TrunkSpace: What is it that you hope draws people to what you create? What do you want them to discover within the songs?
Gauthier: Connection, and enjoyment too. I love it when someone tells me they were moved by a lyrical line or a particular song. And I’m honored when something I’ve created resonates at an emotional level.

TrunkSpace: Your new album “Firehead” was recently released. Now that it is complete and able to reach the ears of listeners, how do you view it? Has your opinion on it and the experience changed since you first wrapped in the studio?
Gauthier: I am as excited now about this album as I was when we wrapped in the studio. It’s a blessing to have worked and to continue to work with the amazing team of producers and musicians whose talent went into making “Firehead.” And the feedback has been wonderful. What’s been especially fun for me is the wide variety of opinions I’m getting from listeners on which song is their “favorite”. It makes me feel like our decision to include a range of genres gives the album a broader appeal.

TrunkSpace: What were you hoping to accomplish with the album and did you achieve it?
Gauthier: Most importantly we wanted to put out music that we and other people would enjoy. At the same time, we wanted it to show my versatility. And I do feel this album achieved that.

TrunkSpace: What was the biggest thing you learned about yourself during the writing and recording of “Firehead” and was that discovery a surprise?
Gauthier: The biggest discovery was realizing just how much joy I missed out on when I took a break from music. It wasn’t a surprise so much as a potent reminder of how important it is to do what you love.

TrunkSpace: Outside of your career in music, you’re also an actress and writer. Have you always had a creative focus? What is the longest time you’ve ever spent NOT creating?
Gauthier: I can’t ever remember not creating. I haven’t always given myself the time I’d like to nurture it, but the creating is always there.

TrunkSpace: Where are you hardest on yourself creatively?
Gauthier: Definitely my writing. Whether it’s a character’s dialogue or the lyrics to my songs.

Photo By: Mikel Healey

TrunkSpace: If you were starting your career over, what difficult lesson learned do you wish you could have avoided?
Gauthier: Being too intent on pleasing others. Everyone has an opinion on how an artist should approach their craft, or how she should niche herself. I’ve learned to be open to opinions, but also to accept that I can’t possibly please everyone, so ultimately I need to trust my own instincts.

TrunkSpace: What else can fans of Fay Gauthier look forward to for the rest of 2017 and into the new year?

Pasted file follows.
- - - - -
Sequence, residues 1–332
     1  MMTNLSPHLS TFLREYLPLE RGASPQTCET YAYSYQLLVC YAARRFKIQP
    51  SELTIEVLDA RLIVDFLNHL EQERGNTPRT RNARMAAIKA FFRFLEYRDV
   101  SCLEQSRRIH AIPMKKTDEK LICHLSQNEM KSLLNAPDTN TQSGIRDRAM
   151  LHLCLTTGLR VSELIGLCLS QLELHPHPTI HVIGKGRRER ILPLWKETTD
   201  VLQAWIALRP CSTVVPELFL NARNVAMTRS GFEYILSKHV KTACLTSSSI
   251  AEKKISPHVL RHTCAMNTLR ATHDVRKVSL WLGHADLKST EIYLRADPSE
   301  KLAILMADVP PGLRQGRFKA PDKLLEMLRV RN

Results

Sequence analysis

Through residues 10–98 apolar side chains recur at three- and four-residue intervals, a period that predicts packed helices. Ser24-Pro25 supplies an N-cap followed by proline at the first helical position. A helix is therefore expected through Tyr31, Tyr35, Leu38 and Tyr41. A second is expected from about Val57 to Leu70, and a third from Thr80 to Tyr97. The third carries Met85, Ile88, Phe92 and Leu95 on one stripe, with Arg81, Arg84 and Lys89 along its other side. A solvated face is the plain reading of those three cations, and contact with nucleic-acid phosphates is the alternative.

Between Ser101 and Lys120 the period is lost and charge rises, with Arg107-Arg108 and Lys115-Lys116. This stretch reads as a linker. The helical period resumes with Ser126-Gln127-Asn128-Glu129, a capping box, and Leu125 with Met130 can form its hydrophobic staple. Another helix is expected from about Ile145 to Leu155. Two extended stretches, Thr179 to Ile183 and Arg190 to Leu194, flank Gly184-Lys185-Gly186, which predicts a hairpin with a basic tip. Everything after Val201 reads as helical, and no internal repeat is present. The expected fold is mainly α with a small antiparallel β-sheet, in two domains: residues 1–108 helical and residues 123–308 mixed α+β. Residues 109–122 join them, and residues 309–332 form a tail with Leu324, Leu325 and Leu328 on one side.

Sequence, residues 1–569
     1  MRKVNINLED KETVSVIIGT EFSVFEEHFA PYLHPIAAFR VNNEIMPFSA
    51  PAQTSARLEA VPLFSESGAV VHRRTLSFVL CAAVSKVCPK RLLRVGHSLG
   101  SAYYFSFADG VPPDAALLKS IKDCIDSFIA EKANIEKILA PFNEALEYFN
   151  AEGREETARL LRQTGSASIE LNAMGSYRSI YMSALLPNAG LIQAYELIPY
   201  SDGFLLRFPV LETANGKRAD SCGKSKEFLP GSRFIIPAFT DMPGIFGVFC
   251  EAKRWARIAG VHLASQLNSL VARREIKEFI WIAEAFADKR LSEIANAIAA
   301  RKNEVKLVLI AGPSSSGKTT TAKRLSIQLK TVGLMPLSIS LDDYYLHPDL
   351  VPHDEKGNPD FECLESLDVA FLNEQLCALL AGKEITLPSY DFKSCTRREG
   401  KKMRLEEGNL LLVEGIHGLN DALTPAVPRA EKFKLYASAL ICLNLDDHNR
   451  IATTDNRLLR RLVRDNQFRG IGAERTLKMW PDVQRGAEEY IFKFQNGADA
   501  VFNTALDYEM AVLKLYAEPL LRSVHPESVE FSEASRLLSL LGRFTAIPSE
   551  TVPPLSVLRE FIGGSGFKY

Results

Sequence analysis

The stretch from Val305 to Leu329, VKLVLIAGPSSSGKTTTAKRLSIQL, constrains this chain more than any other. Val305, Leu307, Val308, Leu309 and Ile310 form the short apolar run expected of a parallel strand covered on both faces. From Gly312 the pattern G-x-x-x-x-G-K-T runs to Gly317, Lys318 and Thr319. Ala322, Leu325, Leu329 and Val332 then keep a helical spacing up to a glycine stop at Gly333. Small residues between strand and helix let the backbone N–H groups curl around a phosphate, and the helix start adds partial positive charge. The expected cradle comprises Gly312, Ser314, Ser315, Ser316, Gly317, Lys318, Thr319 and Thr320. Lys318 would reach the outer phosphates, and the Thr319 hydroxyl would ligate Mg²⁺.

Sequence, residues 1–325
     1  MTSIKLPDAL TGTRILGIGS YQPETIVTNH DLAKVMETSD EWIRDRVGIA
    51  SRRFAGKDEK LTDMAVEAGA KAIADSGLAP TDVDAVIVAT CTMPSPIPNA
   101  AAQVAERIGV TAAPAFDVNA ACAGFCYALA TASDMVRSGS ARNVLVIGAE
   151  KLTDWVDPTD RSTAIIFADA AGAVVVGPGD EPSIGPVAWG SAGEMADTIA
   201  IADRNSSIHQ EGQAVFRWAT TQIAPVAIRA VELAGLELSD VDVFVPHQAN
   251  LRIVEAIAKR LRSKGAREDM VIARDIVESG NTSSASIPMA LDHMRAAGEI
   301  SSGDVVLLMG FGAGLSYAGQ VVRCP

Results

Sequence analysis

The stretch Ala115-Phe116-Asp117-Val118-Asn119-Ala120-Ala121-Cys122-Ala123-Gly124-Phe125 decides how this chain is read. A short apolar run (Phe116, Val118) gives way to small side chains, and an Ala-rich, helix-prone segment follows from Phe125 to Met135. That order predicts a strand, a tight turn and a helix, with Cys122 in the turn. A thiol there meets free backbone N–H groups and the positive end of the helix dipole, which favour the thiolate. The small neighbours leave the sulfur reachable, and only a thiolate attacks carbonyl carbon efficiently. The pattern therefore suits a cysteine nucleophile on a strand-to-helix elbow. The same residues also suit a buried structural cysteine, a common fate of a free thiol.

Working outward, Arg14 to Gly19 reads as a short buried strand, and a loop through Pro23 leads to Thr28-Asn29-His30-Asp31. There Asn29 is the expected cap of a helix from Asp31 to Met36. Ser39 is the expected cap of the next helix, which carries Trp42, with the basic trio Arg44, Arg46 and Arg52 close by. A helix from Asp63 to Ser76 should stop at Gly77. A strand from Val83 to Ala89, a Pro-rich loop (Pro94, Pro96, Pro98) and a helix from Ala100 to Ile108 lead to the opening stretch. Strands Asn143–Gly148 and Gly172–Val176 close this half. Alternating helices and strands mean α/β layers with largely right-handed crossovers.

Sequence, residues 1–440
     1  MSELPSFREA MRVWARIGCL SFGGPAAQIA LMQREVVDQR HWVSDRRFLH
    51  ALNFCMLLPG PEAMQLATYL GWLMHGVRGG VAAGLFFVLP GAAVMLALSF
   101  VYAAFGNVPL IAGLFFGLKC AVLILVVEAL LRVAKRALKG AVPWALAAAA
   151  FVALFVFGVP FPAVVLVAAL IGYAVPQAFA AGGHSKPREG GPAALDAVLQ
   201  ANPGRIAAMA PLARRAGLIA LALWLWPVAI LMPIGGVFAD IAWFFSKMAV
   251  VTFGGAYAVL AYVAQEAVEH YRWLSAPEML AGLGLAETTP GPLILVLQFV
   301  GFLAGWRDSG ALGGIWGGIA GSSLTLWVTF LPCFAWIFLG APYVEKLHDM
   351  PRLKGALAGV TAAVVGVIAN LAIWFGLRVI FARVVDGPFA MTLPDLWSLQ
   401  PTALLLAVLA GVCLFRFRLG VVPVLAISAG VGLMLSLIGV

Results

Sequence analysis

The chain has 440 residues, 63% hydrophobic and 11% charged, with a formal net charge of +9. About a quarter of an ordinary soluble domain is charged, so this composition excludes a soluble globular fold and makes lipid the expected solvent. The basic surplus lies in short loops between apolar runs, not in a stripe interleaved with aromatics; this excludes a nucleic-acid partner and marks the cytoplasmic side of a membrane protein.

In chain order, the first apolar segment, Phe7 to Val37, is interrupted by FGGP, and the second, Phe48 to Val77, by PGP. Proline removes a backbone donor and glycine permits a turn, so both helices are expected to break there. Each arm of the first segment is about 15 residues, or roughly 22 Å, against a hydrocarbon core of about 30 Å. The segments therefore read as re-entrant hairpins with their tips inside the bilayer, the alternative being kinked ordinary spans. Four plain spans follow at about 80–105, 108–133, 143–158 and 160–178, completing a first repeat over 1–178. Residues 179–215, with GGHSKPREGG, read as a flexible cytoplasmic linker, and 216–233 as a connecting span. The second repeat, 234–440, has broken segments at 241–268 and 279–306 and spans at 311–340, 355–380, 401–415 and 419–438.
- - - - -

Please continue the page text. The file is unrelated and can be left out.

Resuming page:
Gauthier: I’ve written a couple new songs and I’m looking forward to sharing them soon. I’ve got a great band together for live performances in and around LA. And I’m looking at putting out a couple more music videos for songs from the album.

Featured image by: Mikel Healey

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Listen Up

Local H


What goes around comes around in the world of music. What’s old is new. What’s dated is retro chic. What’s gone is back.

For the rock duo Local H, none of that means squat. They’re not interested in drawing attention to themselves for anything other than the music they create and they aren’t big on nostalgia. Instead, the Illinois natives who hit it big in 1996 with the “alternative” single “Bound for the Floor” have been facing forward for the last two decades, cranking out new material and looking to improve upon each album they record.

The one constant in the band’s ongoing story since it first formed in 1997? Guitarist, bassist, and lead vocalist Scott Lucas.


We recently sat down with Lucas to discuss being the loudest band on a bill, preaching to different choirs, and why he doesn’t worry that another album is coming.

TrunkSpace: You guys seem to have an obscene amount of tour dates in front of you.
Lucas: Yeah, it’s been a pretty busy year.

TrunkSpace: We’re dating ourselves, but a couple of us here at TrunkSpace saw Local H at a radio show in Providence, RI back in 1998. You were easily the loudest band on the bill, which is something that people always associate with you, right?
Lucas: Yeah. I’m sure there’s some sort of inferiority complex involved there with that.

TrunkSpace: That show was a WBRU radio show, a very well-known modern rock radio station that unfortunately, just stop transmitting a few weeks ago.
Lucas: Oh, no. That sucks.

TrunkSpace: Has the disappearance of rock radio stations affected the band at all?
Lucas: No, I don’t think so. I mean, we still have a pretty good relationship with stations that we’ve always had, but I think a lot of that stuff is basically classic rock at this point, and so that kind of music has always been pretty conservative in the first place. The kinds of things that they would play have always been… there’s not a whole fuck of a lot that you could say was alternative, even though they used those words. You can’t look at a lot of the bands that they would play and think that those were crazy alternative bands. I wouldn’t expect them to change, and the kind of stuff that does get played now, it’s not music that’s made for me, so I don’t really feel that I have a place to comment on it. It’s purely music for teenagers, and that’s the way it should be. The way people listen to music has changed, and I don’t think it really has hurt us, and I don’t think it’s hurt a lot of bands out there.